FIG. 13 shows an example of transmission aperture weighting values assigned to a transmission aperture with 96 channels where −1≦X≦1. A broken line J0 indicates a case of Formula (1), in other words, a case where C=0 in Formula (2) and a solid line JA indicates a case where C=0.05 in Formula (2). FIG. 14A shows beam shapes on the transmission focal plane of the transducer array, and each beam shape corresponds to each set of the transmission aperture weighting values shown in FIG. 13. A broken line K0 corresponds to the broken line J0 in FIG. 13 and a solid line KA corresponds to the solid line JA in FIG. 13. As is clear from FIG. 14A, a beam shape closer to a trapezoid is obtained in the case indicted by the solid line KA where C=0.05, which beam shape is suited for parallel reception.

A solid line KB in FIG. 14B indicates a beam shape in a case where C=0.02 and a solid line KC in FIG. 14C indicates a beam shape in a case where C=0.08. In comparison to a reduction in relative sound pressure level at the center of the beam (indicated by the broken line K0) that occurs in the case of Formula (1), in other words, when C=0 in Formula (2), the amount of reduction in relative sound pressure level G1 in FIG. 14B is smaller and also the amount of increase in the level G2 in FIG. 14C is much smaller, meaning that a desirable beam shape is obtained.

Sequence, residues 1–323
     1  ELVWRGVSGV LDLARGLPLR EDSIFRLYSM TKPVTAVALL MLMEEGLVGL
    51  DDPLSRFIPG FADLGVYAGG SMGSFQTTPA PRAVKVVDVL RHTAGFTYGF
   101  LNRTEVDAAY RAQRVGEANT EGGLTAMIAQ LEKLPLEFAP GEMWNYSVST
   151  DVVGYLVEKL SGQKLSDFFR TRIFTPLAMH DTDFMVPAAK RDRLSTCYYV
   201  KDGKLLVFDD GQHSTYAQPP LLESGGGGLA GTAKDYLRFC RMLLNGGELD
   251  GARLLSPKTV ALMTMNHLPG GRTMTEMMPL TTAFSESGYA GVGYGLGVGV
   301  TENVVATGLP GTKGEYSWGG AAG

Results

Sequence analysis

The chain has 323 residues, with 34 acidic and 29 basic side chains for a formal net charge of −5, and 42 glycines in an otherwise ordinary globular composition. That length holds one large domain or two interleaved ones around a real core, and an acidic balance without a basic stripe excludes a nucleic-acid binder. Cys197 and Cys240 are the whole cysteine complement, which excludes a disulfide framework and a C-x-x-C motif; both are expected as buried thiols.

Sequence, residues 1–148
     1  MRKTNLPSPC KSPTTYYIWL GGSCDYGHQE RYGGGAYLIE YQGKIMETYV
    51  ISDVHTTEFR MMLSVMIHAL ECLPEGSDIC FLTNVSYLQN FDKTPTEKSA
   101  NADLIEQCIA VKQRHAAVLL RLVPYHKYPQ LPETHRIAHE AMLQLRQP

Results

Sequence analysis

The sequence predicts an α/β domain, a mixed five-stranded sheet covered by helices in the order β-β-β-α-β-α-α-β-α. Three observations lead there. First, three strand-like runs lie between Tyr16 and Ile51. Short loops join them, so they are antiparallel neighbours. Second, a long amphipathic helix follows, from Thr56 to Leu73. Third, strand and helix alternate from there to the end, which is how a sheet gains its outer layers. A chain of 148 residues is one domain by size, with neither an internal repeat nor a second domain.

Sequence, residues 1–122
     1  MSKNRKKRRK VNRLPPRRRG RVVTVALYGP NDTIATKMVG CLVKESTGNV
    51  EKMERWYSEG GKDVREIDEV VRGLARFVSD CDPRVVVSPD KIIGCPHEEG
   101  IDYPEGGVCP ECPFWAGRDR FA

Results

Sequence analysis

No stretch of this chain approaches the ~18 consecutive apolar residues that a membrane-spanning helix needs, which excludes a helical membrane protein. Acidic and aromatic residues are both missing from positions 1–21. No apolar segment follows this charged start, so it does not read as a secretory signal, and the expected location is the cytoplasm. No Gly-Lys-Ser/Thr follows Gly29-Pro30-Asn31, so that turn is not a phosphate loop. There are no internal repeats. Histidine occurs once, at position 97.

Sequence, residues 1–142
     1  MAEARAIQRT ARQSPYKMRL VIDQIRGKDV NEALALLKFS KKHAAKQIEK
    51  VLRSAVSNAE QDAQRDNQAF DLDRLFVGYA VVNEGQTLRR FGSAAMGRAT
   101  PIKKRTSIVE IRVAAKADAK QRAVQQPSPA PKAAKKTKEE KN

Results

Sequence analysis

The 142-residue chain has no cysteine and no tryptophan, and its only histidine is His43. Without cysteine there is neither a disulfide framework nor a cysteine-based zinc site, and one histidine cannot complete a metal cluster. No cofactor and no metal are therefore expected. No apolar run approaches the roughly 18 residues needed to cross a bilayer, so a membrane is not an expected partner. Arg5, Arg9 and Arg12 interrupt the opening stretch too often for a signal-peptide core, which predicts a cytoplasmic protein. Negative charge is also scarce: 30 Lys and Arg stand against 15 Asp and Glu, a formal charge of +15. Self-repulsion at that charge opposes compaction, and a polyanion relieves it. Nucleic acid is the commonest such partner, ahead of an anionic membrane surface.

FIGS. 15 to 18 show effects of transmission aperture weighting. The drawings show results on a comparison between a case without weighting where the amplitude of each channel is uniform and a case with weighting in Formula (2).

FIG. 15 is a diagram showing the depth dependence of the relative sound pressure level at the center of a transmission beam. A solid line M0 indicates the case without weighting where the amplitude of each channel is uniform and a broken line MA indicates the case with weighting in Formula (2). In comparison to the relative sound pressure level in the case without weighting indicated by the solid line M0, the relative sound pressure level in the case with weighting indicted by the broken line MA has less depth dependence and the sound pressure does not increase rapidly at the focal point. As a result, a desirable state of the beam shape with less variation over a wide depth range is obtained. FIG. 16 shows beam shapes on the transmission focal plane. In comparison to the case without weighting indicated by a solid line N0, the beam is thicker and has a trapezoidal shape in the case with weighting indicated by a broken line NA.

FIG. 17 shows the relative sensitivity of transmission-reception directivity of two parallel reception in the case without weighting. The intervals between transmission-reception directionality B1L (the left side of the drawing) and B1R (the right side of the drawing) corresponding to a first transmission beam and transmission-reception directionality B2L corresponding to a second transmission beam are not even. This results in such problems as the development of a lattice pattern on a tomogram to be obtained.